The Transient Knowledge Trap: Page 2

Our society and economy cannot afford to lose basic skills -- yet that is exactly what we are allowing to happen, our Datamation columnist writes.
Posted September 21, 2006

George Spafford

George Spafford

(Page 2 of 2)

We have let our educational systems deteriorate and our corporate interests lie so much in the short-term that many either do not train at all and hire for skills or train employees purely on transient skills that have a relatively short value life. For example, sending people to focused technology training that may not be needed by the organization in five years or with diminished to marketability if the person leaves to seek employment elsewhere without updating.

Within organizations that hire for skills -- meaning they buy people with the skills they need -- and then fail to continue to develop the employees, people will realize what is happening. The best employees will leave rather than let their marketability languish -- and once the word gets into the market, new hires are apt to avoid the employer altogether.

For employers who do train and develop employees, that is a great thing because practically any training is better than no training. Even training on transients is preferable to nothing as certain foundational knowledge can still be inferred.

From a macroeconomic perspective, the primary danger to society of an over-emphasis on transient-based skills is that, as the underlying knowledge and skill base deteriorates, innovation will suffer. Employers will move work to other parts of the world where innovation flourishes in the bountiful soil of knowledge. In the meantime, the country with the over-emphasis on transient knowledge will watch its economic lead suffer first, military might plummet second and then fall into a gray twilight of either being a former superpower or of never being one at all.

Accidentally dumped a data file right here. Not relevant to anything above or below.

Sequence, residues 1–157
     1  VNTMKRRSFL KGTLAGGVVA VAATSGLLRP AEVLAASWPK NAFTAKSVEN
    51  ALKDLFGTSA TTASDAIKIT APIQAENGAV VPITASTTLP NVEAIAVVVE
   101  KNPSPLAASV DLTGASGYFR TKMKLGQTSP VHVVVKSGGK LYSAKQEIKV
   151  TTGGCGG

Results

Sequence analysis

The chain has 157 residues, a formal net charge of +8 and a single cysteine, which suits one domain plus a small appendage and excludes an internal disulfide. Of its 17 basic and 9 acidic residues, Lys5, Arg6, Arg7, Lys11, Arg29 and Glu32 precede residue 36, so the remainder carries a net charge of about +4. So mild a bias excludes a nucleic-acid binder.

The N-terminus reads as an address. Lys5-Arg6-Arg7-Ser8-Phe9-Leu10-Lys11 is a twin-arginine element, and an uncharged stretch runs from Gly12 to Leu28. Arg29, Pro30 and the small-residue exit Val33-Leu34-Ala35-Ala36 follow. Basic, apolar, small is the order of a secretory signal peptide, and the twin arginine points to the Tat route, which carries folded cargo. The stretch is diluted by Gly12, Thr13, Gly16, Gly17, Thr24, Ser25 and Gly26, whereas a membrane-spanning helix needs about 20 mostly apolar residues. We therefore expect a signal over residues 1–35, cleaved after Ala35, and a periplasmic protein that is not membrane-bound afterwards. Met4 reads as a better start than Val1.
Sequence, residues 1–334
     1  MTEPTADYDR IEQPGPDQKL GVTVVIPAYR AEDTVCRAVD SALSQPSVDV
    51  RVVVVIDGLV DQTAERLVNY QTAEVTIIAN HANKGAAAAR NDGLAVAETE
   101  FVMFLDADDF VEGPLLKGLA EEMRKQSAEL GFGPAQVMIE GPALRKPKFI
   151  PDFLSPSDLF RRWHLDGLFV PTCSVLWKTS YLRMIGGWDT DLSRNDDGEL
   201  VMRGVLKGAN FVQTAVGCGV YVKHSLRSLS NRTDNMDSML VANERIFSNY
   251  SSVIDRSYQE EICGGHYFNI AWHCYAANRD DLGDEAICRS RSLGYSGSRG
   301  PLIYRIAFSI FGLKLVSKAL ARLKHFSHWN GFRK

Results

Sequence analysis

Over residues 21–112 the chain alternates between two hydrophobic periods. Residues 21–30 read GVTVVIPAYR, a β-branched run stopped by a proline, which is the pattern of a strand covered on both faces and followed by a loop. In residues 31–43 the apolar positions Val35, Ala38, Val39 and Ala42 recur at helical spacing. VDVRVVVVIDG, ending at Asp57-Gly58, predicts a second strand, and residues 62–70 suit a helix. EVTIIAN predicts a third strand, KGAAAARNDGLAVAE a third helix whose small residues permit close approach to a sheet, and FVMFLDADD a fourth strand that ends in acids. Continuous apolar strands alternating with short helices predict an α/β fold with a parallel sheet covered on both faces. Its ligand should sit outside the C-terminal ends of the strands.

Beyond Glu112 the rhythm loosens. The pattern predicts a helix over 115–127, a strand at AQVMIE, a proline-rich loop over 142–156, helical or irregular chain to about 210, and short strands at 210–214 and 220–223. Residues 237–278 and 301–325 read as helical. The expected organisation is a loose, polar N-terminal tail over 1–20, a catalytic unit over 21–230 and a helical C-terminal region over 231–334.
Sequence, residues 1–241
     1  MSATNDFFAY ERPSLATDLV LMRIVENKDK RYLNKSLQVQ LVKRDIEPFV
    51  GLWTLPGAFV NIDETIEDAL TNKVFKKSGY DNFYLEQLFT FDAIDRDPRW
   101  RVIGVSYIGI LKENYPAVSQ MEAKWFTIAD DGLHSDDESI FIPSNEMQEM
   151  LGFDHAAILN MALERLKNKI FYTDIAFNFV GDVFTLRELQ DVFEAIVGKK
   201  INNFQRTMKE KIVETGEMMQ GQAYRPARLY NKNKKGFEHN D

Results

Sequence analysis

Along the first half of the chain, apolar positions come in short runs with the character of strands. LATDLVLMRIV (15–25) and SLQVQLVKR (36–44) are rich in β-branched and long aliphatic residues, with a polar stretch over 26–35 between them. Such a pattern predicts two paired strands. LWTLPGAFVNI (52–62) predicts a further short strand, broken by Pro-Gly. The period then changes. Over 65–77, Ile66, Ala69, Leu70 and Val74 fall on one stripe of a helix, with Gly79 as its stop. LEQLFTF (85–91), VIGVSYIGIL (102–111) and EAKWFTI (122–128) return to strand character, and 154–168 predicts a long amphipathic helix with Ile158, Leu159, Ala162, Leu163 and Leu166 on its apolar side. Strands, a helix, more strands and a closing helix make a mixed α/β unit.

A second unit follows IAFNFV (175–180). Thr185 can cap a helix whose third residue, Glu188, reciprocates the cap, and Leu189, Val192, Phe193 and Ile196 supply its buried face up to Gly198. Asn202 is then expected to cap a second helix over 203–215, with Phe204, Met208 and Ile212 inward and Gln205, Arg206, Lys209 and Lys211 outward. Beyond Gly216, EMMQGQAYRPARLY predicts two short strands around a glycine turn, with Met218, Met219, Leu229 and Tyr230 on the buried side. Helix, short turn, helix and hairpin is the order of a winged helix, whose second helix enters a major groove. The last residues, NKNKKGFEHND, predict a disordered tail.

We, as a society, need to recognize the urgent need for education and development of our people. We need to spur education and training. Why, for example, can’t money invested in training not only be a tax write-off of one-to-one, but actually be a multiplier such as: “For every $1 spent in training we will allow a $2 discount in taxes.”

Of course, such a proposal would run into a political minefield, but stop and strongly consider the alternative: In the future there may be such a train wreck of an economy and society that there is an economic collapse. It brings us to a very simple inescapable truth: An an economy without adequate investments in education is not sustainable.

Make no mistake about it, education is fundamental. Our companies need it. Our municipalities and countries need it and at the absolute foundation of it all, our people need it.

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